Caliban have unleashed a new album entitled Elements. Their 11th full length album. Seriously, if you haven’t heard of Caliban before, where have you been? They’ve been terrorising ear drums and tearing apart venues for the last 2 decades, taking their brand of German metalcore all over the globe. Metalcore has evolved a lot over the last few years, and Caliban have evolved with it, taking every new ingredient and throwing it into their boiling pot. Elements is their newest recipe, and let me tell you; it’s tasty.
I won’t lie to you, I haven’t properly listened to these guys since The Undying Darkness way back in 2006. I’ve picked up albums here and there over the years, but I haven’t sat down and given an album an indulgent listen again until now. I have been pleasantly surprised with what I’ve heard. Modern day Caliban is a LOT heavier than the version of the band I was first introduced to all those years ago. As soon as This Is War erupts the blast beats and guitar chugs hit like a sledgehammer, and the rest of the track follows suit. The best tone setter for what’s to follow; the unexpected. Before Later Becomes Never has an almost Architects feel in places, especially noticeable in some of the riffs and the chords progressions. This also has a guest appearance from CJ McMahon of Thy Art Is Murder, his voice emerging from out of nowhere and knocked me for six. My Madness ploughs along at a really bouncy tempo and features one of the catchiest choruses on the album, as well as a super catchy and inventive main riff. This record is crammed full of metalcore ragers, such as I Am Fear, Incomplete and Sleepers Awake that all follow that classic formula of balanced anger and melody. But for me, one of the stand out tracks of this record is Masquerade. You can almost picture it being played live when you listen to it. The way it evolves as it progresses fuels the need to bang your head, and it almost becomes impossible to sit still. Some of the riffs here are simply impossible to dislike, boasting an almost nu-metal feel. Which makes sense, I suppose, when you take into consideration that Brian ‘Head’ Welch of Korn is a guest on the track. All 13 tracks on show here (15 if you have the bonus tracks, you lucky Devil, you) are proof that Caliban aren’t going anywhere any time soon. I mean if they can still write albums this heavy, why should they go anywhere?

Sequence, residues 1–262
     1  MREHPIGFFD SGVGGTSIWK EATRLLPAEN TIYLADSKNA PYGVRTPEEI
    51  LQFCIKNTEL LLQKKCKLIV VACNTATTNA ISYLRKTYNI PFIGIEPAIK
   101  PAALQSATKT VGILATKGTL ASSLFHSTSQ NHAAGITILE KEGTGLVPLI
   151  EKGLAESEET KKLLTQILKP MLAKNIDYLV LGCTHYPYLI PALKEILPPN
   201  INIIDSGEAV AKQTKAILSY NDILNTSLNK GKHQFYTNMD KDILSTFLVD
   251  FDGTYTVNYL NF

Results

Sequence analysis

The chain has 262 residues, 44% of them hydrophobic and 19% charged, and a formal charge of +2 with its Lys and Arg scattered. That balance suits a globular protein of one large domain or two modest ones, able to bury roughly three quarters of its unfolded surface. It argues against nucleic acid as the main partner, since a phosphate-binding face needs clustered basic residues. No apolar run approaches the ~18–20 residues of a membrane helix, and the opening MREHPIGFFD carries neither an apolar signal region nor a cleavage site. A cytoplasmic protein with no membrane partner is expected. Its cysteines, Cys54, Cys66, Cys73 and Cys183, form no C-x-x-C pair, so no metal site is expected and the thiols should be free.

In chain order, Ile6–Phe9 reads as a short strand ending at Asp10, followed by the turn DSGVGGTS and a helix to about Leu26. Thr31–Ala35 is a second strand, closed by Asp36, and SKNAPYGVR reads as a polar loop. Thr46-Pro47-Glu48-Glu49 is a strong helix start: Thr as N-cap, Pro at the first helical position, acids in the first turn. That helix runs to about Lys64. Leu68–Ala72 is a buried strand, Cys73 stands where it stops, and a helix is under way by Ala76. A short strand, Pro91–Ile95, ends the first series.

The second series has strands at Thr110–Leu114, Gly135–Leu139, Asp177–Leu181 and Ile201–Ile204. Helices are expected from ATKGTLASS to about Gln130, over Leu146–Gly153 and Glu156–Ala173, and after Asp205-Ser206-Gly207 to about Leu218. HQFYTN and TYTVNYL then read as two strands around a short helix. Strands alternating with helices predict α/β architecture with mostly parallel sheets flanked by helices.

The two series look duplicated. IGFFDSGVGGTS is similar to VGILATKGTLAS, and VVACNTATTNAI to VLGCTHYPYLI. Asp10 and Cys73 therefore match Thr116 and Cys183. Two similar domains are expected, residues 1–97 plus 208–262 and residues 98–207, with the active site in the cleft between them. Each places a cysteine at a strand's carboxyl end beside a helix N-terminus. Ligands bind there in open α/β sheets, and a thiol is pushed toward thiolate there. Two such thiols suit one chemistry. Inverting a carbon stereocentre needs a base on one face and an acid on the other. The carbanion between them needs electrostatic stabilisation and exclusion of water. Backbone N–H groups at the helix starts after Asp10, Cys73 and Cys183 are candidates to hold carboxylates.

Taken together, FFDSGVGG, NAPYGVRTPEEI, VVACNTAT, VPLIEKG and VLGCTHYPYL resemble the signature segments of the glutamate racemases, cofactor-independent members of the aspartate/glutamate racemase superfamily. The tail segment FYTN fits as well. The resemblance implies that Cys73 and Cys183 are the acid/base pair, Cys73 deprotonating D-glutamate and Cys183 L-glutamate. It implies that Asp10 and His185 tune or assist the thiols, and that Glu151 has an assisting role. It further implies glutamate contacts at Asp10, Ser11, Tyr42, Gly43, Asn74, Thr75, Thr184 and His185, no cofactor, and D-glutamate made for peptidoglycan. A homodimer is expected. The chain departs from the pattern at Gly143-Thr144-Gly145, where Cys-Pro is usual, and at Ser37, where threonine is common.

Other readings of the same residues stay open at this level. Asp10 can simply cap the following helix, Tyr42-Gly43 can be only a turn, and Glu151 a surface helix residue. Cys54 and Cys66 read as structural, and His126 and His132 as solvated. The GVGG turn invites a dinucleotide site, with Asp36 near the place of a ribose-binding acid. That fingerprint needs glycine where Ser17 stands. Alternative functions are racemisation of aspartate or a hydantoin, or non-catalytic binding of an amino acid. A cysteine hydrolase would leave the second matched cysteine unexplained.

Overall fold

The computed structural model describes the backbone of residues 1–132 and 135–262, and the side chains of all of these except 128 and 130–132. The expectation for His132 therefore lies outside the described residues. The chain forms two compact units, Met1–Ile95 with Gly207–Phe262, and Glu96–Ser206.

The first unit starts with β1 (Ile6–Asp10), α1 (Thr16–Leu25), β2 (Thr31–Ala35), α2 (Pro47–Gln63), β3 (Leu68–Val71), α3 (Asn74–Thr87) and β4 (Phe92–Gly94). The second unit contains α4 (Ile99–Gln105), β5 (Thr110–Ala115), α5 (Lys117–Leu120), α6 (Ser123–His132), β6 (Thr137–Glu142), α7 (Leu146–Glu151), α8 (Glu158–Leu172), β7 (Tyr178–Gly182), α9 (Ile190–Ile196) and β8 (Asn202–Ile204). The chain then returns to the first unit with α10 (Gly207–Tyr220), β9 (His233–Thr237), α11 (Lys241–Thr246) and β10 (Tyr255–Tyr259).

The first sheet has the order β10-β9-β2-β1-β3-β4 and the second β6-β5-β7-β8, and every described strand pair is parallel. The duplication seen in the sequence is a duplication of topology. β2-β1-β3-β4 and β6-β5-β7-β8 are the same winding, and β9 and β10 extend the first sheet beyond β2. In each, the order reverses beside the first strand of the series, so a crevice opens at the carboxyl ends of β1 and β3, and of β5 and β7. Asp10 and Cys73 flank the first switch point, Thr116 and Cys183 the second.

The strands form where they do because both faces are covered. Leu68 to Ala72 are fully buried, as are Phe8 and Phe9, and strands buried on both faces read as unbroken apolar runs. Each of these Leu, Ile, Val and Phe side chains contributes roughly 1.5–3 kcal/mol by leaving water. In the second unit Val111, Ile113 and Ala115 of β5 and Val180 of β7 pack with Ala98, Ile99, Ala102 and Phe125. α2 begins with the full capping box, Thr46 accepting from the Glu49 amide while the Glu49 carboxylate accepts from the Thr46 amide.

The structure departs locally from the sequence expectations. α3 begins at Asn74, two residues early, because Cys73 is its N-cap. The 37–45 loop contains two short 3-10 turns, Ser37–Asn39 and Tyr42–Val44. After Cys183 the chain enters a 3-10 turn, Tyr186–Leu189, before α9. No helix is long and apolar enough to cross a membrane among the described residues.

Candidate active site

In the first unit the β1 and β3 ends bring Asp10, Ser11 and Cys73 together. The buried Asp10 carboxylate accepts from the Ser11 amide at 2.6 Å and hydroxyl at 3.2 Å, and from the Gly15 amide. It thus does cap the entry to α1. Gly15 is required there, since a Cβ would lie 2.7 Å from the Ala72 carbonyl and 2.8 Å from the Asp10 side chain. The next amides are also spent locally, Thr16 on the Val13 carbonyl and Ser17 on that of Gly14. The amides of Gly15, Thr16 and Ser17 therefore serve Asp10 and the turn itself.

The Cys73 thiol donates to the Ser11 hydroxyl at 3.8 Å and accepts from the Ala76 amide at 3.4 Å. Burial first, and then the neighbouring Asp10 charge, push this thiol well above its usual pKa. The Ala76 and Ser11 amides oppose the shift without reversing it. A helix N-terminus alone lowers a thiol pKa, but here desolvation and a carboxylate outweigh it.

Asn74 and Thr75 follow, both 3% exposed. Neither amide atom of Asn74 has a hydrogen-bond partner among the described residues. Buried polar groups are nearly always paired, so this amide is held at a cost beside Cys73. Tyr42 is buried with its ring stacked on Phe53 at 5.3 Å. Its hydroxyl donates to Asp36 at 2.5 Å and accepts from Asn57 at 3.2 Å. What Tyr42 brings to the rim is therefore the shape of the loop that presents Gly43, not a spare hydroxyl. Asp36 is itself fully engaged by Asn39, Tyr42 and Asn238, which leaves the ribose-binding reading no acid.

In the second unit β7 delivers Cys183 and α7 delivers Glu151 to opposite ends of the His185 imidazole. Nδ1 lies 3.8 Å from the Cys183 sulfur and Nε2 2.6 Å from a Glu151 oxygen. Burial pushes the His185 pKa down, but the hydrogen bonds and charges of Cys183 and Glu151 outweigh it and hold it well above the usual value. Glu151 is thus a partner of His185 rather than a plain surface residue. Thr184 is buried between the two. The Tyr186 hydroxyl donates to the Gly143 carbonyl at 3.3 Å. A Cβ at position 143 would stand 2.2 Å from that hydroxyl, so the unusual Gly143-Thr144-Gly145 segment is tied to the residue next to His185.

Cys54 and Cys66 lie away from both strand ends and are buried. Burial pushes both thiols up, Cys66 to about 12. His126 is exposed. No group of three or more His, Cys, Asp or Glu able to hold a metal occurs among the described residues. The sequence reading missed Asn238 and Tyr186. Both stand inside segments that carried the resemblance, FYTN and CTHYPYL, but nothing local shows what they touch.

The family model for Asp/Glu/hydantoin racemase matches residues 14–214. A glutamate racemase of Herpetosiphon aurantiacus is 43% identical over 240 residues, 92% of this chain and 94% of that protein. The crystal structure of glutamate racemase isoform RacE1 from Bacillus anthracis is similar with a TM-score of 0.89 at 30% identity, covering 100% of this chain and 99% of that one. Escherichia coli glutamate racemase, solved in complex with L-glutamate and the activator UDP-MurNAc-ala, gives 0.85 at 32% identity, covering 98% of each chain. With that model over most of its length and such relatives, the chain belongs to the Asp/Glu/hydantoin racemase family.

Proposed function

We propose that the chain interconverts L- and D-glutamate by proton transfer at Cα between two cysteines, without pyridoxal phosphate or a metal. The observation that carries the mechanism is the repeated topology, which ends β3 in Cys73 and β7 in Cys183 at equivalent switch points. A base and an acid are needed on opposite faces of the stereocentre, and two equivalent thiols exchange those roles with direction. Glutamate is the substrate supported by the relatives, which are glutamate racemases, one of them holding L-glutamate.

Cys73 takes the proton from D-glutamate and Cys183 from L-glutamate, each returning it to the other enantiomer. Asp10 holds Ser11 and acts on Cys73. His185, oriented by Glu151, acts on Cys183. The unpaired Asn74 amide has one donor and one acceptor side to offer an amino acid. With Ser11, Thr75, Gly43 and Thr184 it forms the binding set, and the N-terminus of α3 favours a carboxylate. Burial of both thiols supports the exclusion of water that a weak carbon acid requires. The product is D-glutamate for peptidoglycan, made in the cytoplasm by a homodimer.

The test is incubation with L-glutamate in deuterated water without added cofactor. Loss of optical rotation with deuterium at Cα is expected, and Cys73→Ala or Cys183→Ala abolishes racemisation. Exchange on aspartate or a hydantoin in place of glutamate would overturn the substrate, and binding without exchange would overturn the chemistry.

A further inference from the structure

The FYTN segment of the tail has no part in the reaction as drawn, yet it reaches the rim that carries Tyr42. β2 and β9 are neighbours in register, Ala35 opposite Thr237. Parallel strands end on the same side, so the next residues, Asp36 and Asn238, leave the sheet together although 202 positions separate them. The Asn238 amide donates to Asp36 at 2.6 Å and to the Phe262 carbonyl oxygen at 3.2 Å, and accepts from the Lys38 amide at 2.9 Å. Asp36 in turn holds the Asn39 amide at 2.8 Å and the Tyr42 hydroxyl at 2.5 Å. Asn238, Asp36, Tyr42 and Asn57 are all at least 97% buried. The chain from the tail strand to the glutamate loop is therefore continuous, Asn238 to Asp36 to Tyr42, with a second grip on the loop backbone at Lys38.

I know it sounds cliche to say “there’s something for everyone”, but there really is. Well, maybe not if you only listen to Motown. If you only listen to Motown there’s literally nothing for you here. But if you’re a fan of metal in any of its many forms, the probability that you will find something that ticks your boxes here is pretty high. The riffs are well thought out and cleverly balance catchiness and aggression throughout. The breakdowns are gigantic throughout, and are delicately scattered throughout rather than overused. The choruses are soaring and melodically charged, possibly the best they’ve ever been in their career. I wouldn’t go as far as saying that this was a masterclass in the genre, though. The thing that lets it down for me is the songwriting in places, sometimes sounding a little samey and rushed. But perhaps they attended that masterclass, took plenty of notes, and they’ve put it all into practice here. It isn’t perfect, but it is still very good. Elements is a well oiled machine. A very well oiled machine indeed. Take it for a spin.